Arms deal: Fakie ‘did not wilfully breach court order’

The Supreme Court of Appeal (SCA) heard on Wednesday that Auditor General Shauket Fakie had not wilfully breached a high court order forcing him to hand over documents relating to the government’s multibillion-rand arms deal.

The SCA was hearing argument in an appeal by Fakie in terms of a court order that found him, among others, in contempt of court.

The Pretoria High Court judgement under appeal declared that Fakie failed to comply with an earlier court order ordering him to give CCII Systems certain documents pertaining to the arms-procurement process.

CCII Systems was a sub-contracting bidder in the arms deal for the supply of two sub-systems of the combat suite for navy corvettes. It was successful in one tender.

Legal counsel for Fakie, Gilbert Marcus, submitted that by the time of the second application by Richard Young’s military technology company, there was compliance with the court order in four of the five categories of documents that had to be released.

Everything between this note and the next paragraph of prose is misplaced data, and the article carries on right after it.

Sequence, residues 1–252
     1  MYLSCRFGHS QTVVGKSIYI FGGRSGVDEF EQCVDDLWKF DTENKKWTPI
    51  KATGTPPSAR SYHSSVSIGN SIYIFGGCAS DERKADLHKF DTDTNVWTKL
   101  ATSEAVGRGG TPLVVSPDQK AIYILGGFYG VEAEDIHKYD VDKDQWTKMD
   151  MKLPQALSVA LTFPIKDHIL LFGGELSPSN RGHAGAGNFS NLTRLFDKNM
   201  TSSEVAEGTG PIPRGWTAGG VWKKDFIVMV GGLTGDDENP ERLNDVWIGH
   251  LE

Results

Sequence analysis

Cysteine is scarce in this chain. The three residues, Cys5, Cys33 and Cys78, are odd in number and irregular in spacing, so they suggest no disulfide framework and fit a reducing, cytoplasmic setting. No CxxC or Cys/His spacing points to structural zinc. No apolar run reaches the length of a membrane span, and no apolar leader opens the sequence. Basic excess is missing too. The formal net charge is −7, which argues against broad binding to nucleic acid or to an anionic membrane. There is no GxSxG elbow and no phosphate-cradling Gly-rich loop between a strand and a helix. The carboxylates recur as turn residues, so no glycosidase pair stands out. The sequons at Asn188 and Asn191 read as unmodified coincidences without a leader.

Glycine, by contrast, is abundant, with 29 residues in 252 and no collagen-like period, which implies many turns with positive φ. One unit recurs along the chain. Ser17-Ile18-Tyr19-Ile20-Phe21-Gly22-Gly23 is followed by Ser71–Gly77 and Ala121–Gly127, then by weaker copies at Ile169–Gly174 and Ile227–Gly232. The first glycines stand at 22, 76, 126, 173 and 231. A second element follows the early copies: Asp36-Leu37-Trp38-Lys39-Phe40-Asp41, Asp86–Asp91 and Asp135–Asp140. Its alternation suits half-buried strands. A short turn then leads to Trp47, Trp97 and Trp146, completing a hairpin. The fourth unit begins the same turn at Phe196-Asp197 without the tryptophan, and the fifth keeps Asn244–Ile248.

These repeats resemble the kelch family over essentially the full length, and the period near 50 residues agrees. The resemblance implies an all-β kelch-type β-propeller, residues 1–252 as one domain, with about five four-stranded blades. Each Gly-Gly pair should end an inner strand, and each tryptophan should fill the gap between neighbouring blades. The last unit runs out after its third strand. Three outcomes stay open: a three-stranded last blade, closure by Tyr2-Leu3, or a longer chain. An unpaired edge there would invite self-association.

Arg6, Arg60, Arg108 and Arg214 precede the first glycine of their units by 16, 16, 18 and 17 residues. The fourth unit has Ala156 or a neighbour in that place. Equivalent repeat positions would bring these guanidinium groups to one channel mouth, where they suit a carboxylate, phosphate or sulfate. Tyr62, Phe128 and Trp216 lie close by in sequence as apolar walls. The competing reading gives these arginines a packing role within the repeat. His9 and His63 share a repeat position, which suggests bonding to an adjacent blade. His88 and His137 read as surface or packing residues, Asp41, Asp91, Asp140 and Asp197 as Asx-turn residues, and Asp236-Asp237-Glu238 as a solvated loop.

”There was no culpable breach of the order,” Marcus said.

He also indicated that the auditor general had started compiling documents in terms of the court order after parties consulted on the relevant documents needed — which became known as the ”reduced record”.

However, there was disagreement over the fifth set, the ”draft reports” regarding the investigation launched by Fakie and two other government agencies.

Marcus submitted that in this regard there was no breach of the original court order and it was not wilfully submitted late.

The first judgement ordered the auditor general to hand over the documents within 40 days and was delivered on November 15 2002. The court order that found Fakie in contempt of court was delivered on October 24 2004.

Marcus also submitted that the contempt of court proceedings was inappropriate in the circumstances. ”We submit that there must be a substantial case. Proof beyond reasonable doubt must be proven.”

He argued there were ”less restrictive” measures that could have acquired the same results.

The judgement under appeal declared that the auditor general failed to comply with a court order and made a consequent declaration that he was in contempt of court.

It also imposed a sanction for contempt of imprisonment of one month suspended on condition that the auditor general timeously comply with the order allegedly breached. He was given four weeks to comply.

The hearing continues. — Sapa

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